Retrospective collections always make the exercise of reviewing an interesting one given that, as in the case of Liam Cobb’s What Awaits Them from Breakdown Press, we have often reviewed much of their contents in individual, longer-form reviews already. This anthology of the celebrated creator’s work was nominated for a 2023 Broken Frontier Award for Best One-Shot Anthology, bringing together some of the very best practice from an artist we first reviewed at BF way back in 2012. Expect some new thoughts and some revisitations of previous Broken Frontier coverage in the following…
Fittingly, perhaps, this compilation of Cobb’s short-form comics narratives begins with ‘The Fever Closing’ (below), his first comic at Breakdown Press some years back. In this disarmingly nihilistic offering a man arrives at a remote, jungle-strewn island for a fancy dress party. Dressed in his Michelin Man costume he is continually misidentified by guests who claim they too are in fancy dress and that he is the guest of honour. But things are about to take an unexpected turn. The casual horror of ‘The Fever Closing’ combines elements that feel folkloric and ritualistic with a borderline oblique modern sensibility. It’s an offering that pointedly signals the tone of what is to come.
‘Green Graves’ (below) was originally self-published for Safari Festival back in 2016 and reviewed here at Broken Frontier. This intense short story follows an ill-fated 1905 jungle expedition with a group consisting of incompetent guide Harold, the gravely injured Hans who is suffering with a festering gangrenous wound, and group leader Jacques; all of whom are trying to locate a missing colonel.
From our original review:
From its very beginning Cobb’s Green Graves utilises a shifting sense of perspective to underline the almost alien nature of its tropical realms. Tight, claustrophobic and uniform panels accentuate the tense atmosphere between the characters with the occasional pulling back into single or double-page spreads emphasising just how insignificant they are in the greater scheme of the natural world they inhabit. Indeed, early scenes with the characters almost merging into the jungle or becoming obscured by its unwelcoming conditions seem to foreshadow later events.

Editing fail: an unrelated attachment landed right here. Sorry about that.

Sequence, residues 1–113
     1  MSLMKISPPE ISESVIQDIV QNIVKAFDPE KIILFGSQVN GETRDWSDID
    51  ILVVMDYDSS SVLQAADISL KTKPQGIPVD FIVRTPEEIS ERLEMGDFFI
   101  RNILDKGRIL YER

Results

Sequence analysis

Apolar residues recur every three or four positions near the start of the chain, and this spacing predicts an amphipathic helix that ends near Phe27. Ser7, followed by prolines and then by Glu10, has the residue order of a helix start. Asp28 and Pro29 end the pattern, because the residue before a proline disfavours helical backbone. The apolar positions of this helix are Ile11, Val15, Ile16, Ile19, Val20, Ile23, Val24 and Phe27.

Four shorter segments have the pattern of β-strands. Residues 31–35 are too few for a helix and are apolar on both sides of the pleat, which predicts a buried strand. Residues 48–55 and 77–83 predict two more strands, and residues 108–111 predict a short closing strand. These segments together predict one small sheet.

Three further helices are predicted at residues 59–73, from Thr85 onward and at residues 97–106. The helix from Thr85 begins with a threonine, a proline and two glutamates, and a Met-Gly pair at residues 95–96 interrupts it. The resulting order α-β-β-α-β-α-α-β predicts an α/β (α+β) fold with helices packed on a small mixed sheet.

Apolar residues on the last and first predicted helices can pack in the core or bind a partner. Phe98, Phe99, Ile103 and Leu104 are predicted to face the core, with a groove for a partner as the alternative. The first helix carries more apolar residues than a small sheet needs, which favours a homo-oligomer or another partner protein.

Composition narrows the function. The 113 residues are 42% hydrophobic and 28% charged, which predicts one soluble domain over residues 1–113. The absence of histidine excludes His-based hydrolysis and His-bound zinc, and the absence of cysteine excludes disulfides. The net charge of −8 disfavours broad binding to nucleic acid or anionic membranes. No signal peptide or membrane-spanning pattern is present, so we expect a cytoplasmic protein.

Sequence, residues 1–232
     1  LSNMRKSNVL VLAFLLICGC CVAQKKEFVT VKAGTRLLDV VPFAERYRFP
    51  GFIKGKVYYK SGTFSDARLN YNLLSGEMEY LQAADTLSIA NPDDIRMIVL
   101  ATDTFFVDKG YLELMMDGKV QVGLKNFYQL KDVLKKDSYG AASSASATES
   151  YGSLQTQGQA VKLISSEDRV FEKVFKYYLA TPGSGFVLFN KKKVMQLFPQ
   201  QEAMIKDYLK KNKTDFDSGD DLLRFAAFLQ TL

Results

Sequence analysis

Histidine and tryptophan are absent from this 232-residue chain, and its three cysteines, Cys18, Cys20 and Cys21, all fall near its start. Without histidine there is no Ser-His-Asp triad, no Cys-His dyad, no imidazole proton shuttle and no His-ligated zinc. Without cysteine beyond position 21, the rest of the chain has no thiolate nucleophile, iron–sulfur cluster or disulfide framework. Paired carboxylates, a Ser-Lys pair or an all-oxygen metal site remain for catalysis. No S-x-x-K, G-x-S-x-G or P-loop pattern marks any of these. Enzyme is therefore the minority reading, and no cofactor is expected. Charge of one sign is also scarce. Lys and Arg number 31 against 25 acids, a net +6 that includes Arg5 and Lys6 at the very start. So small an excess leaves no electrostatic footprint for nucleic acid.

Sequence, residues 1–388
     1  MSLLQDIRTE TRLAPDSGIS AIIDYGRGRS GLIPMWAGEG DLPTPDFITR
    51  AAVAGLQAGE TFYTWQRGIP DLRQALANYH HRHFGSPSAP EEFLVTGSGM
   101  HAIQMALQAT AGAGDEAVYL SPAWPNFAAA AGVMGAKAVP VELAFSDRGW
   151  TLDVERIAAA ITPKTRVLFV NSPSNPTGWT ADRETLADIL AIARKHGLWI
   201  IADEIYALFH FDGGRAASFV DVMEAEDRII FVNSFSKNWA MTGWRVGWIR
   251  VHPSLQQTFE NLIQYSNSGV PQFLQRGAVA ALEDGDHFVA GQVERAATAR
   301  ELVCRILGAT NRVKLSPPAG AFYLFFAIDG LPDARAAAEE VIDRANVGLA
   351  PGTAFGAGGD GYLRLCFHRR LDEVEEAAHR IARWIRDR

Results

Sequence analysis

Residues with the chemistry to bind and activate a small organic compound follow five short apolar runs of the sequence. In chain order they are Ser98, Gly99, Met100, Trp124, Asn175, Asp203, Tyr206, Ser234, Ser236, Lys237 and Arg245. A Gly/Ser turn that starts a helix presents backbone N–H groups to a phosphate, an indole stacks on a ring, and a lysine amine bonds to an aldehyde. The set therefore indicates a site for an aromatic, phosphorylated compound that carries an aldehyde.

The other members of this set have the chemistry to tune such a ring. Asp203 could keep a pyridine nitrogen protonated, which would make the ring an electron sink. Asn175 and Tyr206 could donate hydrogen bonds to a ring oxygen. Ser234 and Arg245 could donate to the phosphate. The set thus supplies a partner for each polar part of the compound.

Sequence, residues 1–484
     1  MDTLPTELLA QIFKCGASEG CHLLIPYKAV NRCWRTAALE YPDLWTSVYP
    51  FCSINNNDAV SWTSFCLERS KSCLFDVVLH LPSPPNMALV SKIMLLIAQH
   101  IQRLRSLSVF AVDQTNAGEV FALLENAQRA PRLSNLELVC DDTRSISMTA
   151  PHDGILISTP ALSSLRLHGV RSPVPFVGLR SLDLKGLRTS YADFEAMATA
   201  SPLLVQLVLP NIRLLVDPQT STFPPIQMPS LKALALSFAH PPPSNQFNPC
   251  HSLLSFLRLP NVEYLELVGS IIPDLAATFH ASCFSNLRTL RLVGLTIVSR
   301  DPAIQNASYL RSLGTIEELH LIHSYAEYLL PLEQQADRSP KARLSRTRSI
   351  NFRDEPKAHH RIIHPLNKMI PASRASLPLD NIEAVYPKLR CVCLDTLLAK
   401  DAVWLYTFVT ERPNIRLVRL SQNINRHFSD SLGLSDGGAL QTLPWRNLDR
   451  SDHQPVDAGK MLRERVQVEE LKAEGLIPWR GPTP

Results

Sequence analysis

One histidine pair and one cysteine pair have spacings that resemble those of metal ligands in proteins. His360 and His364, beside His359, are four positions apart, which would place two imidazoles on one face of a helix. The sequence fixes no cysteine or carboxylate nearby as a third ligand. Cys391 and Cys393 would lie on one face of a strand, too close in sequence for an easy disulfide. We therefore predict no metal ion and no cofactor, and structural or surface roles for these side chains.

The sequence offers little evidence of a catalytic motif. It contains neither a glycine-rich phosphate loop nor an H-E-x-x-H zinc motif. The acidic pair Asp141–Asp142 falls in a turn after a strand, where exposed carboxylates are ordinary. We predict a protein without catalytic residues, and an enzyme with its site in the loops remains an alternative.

It’s the carefully crafted pacing of Green Graves, though, that ensures its doom-laden build-up sweeps the reader away on a wave of inescapable fatalism. The monotony of the jungle march punctuated with backstabbing plotting and animosity until one pivotal moment marks a dramatic turning point. From there Cobb immerses us in a feverish, festering finale; a compelling character study that is haunting and dreamlike in denouement.
In ‘Adapting Walls’ (below), originally from the anthology Conditioner, Cobb uses the starting point of a lone holdout in a housing estate due for demolition to juxtapose architecture and nature with break-taking awe. Taking its inspiration from the demolition of the Heygate Estate in London, this story blends stark urban reality with unlikely flights of fancy. Carefully paced tours of mundane, built-up sprawl open up into surreal double-page spreads wherein the organic and the wild suddenly impinge on the constructed and the impersonal, with devastating consequence.
What What Awaits Them displays so well in its selection of Cobb’s work is how easily he slides between form-interrogating, metaphysical comics and more traditional, even genre-based, narratives. ‘Slow Drift’ (below) is a moody Western that follows two robbers fleeing across the wilderness, one of whom causes constant conflict with his co-conspirator by refusing to dispose of his ailing horse. Here Cobb’s visuals are stripped back to a black and white style that is both minimalist and yet highly sophisticated, from snow-swept vistas to the encroaching and near tangible darkness of the night-time scenes; the tension forever quietly ramping itself up for the story’s careful pacing.
‘Two Men in the Jungle’ may be the shortest strip in the book but it’s also one of the most interesting for how it plays with visual language. It focusses on the relationship between a man researching fungi in a remote South American jungle location and his newly arrived assistant Juan. One key shift in events brings a hallucinogenic twist to the proceedings, with Cobb’s pages assuming a hallucinatory, melting quality as the natural world seems to claim the characters as part of its very fabric.
My esteemed colleague Tom Murphy reviewed ‘The Inspector’ the final comic in What Awaits Them a few years back at BF. So it would be unworthy of me not to return to his considered thoughts on that tale.
From our original review:
An absurdly OTT bit of work with a slight whiff of Viz about it, it tracks the misadventures of a Michelin restaurant inspector, in the form of the company’s instantly recognisable mascot, the bon vivant M Bibendum.
As his chaotic roadtrip unfolds, we’re treated to some incisive and inventive digs at the pretensions of haute cuisine. The comic even made me laugh like a drain during the utterly wretched experience of my daily commute, which doesn’t happen very often.
Cobb crams a lot into his pages here, as the episodic story barrels along at full speed towards its climax… while the story wants to whip you along breathlessly to the next situation, it’s well worth hitting the pause button every now and then to appreciate the craft of its production – a trademark of much of Breakdown’s output.
What Awaits Them may have flown below many readers’ radars in 2023 and it shouldn’t have. It’s a collection that shows the breadth of Cobb’s versatility as a visual storyteller and his place as one of the most important artists the UK indie scene has produced over the last decade. It represents an essential record of the evolution of his work in that time.
Liam Cobb (W/A) • Breakdown Press, £22.99
Review by Andy Oliver with contributions from Tom Murphy